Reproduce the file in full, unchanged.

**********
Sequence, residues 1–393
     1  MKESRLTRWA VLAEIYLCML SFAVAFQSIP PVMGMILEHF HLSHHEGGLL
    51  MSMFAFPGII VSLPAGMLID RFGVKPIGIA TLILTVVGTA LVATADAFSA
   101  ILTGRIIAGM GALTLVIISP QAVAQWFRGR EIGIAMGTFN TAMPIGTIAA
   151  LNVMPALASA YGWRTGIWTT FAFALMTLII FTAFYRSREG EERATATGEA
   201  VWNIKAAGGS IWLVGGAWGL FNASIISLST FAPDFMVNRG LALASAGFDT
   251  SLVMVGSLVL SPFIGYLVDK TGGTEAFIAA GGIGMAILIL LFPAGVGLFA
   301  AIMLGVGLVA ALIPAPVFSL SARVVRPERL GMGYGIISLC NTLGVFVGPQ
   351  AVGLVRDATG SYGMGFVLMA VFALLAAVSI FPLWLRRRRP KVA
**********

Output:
Sequence, residues 1–393
     1  MKESRLTRWA VLAEIYLCML SFAVAFQSIP PVMGMILEHF HLSHHEGGLL
    51  MSMFAFPGII VSLPAGMLID RFGVKPIGIA TLILTVVGTA LVATADAFSA
   101  ILTGRIIAGM GALTLVIISP QAVAQWFRGR EIGIAMGTFN TAMPIGTIAA
   151  LNVMPALASA YGWRTGIWTT FAFALMTLII FTAFYRSREG EERATATGEA
   201  VWNIKAAGGS IWLVGGAWGL FNASIISLST FAPDFMVNRG LALASAGFDT
   251  SLVMVGSLVL SPFIGYLVDK TGGTEAFIAA GGIGMAILIL LFPAGVGLFA
   301  AIMLGVGLVA ALIPAPVFSL SARVVRPERL GMGYGIISLC NTLGVFVGPQ
   351  AVGLVRDATG SYGMGFVLMA VFALLAAVSI FPLWLRRRRP KVA